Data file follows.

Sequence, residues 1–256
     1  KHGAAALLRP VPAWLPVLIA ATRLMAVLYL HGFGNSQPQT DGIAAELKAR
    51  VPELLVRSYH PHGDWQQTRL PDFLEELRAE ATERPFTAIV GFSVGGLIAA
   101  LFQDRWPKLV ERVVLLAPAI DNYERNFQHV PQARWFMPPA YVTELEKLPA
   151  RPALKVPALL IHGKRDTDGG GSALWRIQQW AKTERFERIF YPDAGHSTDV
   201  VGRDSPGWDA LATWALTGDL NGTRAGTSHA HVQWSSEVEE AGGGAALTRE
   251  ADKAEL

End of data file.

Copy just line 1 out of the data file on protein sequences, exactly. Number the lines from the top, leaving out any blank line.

Sequence, residues 1–256